Last modified on July 13th, 2020
At the core of being human is the need to connect with other humans. Connecting with others can fill us up in very positive ways and forms an essential part of any relationship. Yet, the often maligned concept of emotional vulnerability is at the heart of the deepest of human connections.
As humans, we’re hardwired to connect for love and belonging. This connection can be on a psychological, emotional, cognitive, and spiritual level. This sense of connection is what gives purpose and meaning to our lives.
Thus, all of us have the desire to be connected. And this is irrespective of whether we acknowledge it or not.
It was for this reason that as children, we were open and free, having a willingness to share with others. But as we grew and matured we started understanding that the world can also cause us pain.
Also, we learned, often from unpalatable experiences, that not everyone could be trusted or has our best interest at heart.
The older we grew, the more we started protecting ourselves from being hurt. To stay protected from external harm, we toughened up and hardened up ourselves. Along the line, we also started building walls around our hearts.
As adults, we now have protective mechanisms that are sophisticated. However, we learned these mechanisms during our raw and impressionable young years.
Thus, we have essentially developed ways to protect ourselves from being vulnerable. We’ve built up these walls and hardened ourselves up. All these effort are simply attempts to protect us from hurt, diminishment, or disappointment by anyone.
In the process, we’ve used our thoughts, emotions, and behaviors as weapons to guard against any form of emotional vulnerability. Our protective mechanisms have also become as individualized and unique as the emotional vulnerability, discomfort, and pain we’re trying to avoid.
So, as a child that has had some really traumatic experiences, you might have learned at a very early age to protect yourself. You found it was best to keep friendships and relationships at surface level and never let anyone come too close.
So you keep people at arm’s length. Intentionally, you become buried in school, your work, or other activities. And once a new relationship starts becoming intimate you start becoming uncomfortable. And before long, you find yourself cooking up reasons about why both of you are no longer compatible.
Dawn of a Reality
But at 30, you start looking at these same walls as a problem. Within the deepest part of you, the desire for a more truly intimate and fulfilling loving relationship grows ever stronger. The reality of a problem looms!
When we were children, we used to think that when we were grown up we would no longer be vulnerable. But to grow up is to accept vulnerability. To be alive is to be vulnerable.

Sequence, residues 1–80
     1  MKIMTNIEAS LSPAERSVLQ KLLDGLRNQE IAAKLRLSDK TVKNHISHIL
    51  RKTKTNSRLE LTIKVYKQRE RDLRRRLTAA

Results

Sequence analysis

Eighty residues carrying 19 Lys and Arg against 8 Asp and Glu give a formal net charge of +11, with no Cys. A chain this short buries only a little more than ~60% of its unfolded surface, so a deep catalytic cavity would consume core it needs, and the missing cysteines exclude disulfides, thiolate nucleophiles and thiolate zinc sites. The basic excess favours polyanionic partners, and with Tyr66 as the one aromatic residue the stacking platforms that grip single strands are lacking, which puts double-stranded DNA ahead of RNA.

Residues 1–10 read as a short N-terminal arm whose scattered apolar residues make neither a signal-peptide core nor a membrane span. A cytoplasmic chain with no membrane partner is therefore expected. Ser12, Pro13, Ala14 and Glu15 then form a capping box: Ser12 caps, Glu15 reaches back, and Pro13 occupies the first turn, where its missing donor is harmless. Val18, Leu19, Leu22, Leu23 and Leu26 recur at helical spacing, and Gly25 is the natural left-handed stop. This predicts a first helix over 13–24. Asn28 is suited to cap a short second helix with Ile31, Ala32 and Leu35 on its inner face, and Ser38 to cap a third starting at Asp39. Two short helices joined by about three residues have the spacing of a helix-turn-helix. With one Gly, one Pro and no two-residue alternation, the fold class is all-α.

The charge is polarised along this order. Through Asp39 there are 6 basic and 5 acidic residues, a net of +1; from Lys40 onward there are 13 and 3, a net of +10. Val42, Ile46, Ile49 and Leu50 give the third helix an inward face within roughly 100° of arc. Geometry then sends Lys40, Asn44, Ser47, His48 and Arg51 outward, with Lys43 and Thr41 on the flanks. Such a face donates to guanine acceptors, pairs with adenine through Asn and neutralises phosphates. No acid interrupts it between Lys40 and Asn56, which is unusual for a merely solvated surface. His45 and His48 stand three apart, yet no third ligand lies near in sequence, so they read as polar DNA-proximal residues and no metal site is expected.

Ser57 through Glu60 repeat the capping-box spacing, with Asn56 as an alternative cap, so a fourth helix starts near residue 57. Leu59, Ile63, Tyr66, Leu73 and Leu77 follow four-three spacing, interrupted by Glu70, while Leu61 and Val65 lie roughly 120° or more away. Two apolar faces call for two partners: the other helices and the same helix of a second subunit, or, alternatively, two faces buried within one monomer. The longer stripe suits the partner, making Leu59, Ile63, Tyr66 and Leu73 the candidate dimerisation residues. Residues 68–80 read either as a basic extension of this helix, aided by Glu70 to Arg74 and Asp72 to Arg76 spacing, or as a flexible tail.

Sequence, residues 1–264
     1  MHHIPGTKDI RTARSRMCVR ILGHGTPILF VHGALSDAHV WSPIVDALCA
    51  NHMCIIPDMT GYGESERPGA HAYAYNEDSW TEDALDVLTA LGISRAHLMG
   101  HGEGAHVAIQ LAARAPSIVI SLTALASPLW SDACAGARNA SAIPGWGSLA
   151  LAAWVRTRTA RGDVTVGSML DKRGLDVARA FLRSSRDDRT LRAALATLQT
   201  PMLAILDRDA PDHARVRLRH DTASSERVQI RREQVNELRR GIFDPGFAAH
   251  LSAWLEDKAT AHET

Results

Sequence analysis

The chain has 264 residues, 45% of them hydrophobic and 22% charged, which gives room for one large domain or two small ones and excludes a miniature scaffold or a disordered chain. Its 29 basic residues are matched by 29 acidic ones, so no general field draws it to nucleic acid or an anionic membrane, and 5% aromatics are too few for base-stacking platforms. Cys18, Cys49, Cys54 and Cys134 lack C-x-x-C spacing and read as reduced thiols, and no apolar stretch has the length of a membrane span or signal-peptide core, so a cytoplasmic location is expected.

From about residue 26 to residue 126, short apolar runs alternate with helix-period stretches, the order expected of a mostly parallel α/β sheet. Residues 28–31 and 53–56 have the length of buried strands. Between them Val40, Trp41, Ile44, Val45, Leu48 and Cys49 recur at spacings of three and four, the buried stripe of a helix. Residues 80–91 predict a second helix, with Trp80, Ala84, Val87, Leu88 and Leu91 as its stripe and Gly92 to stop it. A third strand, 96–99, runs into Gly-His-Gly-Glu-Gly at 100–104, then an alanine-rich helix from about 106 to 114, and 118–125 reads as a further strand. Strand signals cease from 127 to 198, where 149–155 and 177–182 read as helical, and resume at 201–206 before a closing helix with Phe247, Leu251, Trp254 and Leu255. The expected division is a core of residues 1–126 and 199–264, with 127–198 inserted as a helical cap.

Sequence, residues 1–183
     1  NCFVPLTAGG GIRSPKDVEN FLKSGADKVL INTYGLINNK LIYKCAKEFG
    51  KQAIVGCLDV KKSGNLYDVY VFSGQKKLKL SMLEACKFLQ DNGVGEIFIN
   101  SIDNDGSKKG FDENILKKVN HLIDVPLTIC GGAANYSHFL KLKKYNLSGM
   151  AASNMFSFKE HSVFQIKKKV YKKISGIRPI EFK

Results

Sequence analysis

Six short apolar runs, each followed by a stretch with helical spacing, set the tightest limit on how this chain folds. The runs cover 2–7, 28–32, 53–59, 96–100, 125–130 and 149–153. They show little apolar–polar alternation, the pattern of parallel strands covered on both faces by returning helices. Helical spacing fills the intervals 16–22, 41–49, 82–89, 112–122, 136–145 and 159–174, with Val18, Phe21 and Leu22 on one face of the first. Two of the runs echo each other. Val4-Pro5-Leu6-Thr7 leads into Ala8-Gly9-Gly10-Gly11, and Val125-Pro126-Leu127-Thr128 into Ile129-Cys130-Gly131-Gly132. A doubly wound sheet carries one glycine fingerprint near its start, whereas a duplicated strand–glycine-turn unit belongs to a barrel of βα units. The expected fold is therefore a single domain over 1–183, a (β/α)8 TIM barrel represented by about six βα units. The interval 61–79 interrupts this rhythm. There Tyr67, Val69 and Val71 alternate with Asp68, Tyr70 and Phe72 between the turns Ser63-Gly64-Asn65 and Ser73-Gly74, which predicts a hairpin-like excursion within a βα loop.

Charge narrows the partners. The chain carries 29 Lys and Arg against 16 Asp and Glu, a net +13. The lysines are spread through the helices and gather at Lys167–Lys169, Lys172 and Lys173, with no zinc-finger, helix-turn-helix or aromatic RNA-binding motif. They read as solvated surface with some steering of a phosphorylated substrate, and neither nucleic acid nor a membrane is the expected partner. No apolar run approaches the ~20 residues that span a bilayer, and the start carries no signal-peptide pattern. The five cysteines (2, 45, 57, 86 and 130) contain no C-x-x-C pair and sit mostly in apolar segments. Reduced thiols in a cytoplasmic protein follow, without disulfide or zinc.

It’s a fact that building these walls does create a safe space into which you can quickly take refuge. Yet, these same walls equally shield you from the love, intimacy, and true connection you now crave.
This is because the door you’ve shut up is also the one through which love and intimacy comes in through. Thus, when you closed it to the undesirables, you inevitably closed it to the desirables.
Why So Much Fear of Emotional Vulnerability?
Typically, emotional vulnerability for most people resonates with dark emotions. Some of these emotions include fear, shame, grief, sadness, and disappointment. For others, it’s an anxiety about being rejected, or judged as being inadequate.
Thus, for the large majority, being emotionally vulnerable means to be weak, or at least easily hurt or frightened. The reason why people might feel this way is pretty obvious. And this is because emotional vulnerability of itself is an openness to experiences, people, and uncertainties.
If there’s anything strongly attached to an individual being open to new experiences, new people, and an uncertainty about anything, it’s nothing more than fear itself. And fear for most people can be very crippling!
It can be unnerving at times when you express your fears and doubts to someone else. Waiting for a response can often seem like the time between hearing a gunshot and waiting to see if you’re hit.
Yes, emotional vulnerability can be frightening. But it’s also exciting and powerful considering the change it can make in your life.
Given most of these considerations, it becomes obvious why the human tendency is for most people to reject the idea of being emotionally vulnerable. However, most of these views are very limiting and are particularly untruths.
What True Emotional Vulnerability Is!
According to Dr. Brene Brown, author of Daring Greatly, “Vulnerability isn’t good or bad: It’s not what we call a dark emotion, nor is it always a light, positive experience.”
She goes further to state that “Vulnerability is the core of all emotions and feelings. To feel is to be vulnerable. To believe vulnerability is weakness is to believe that feeling is weakness.”
In the light of an initial assertion, Dr. Brene also defined emotional vulnerability as “uncertainty, risk, and emotional exposure.”
Thus, emotional vulnerability can be said to be one’s willingness to be exposed to the uncertainty and risk about the outcome of an emotional self-disclosure. While it can be terrifying at times, emotional vulnerability is yet always brave.
Thus, against all anecdotal evidence, emotional vulnerability is never weakness. Entertaining the uncertainty, risk, and emotional exposure involved takes courage. That isn’t weakness but strength on display.
In this vein, it’s being emotionally vulnerable that gives you the courage to be the first to truly say “I love you,” even without the certainty that you’re going to be loved back.
The Power of Emotional Vulnerability
Yes, it’s powerful, very powerful! To underscore this, Dr. Brene also says that “Vulnerability is the birthplace of love, belonging, joy, courage, empathy, and creativity.”
Despite the armor we might be putting on, we all have fears and doubts about various aspects of our lives. These might include doubts about the true identity of who you believe you are, your abilities and mental competencies. It might also be about the way you feel society perceives you, or even about your relationships.
This is vulnerability. Everything I’ve learned from over a decade of research on vulnerability has taught me this exact lesson. Vulnerability is not knowing victory or defeat, it’s understanding the necessity of both; it’s engaging. It’s being all in.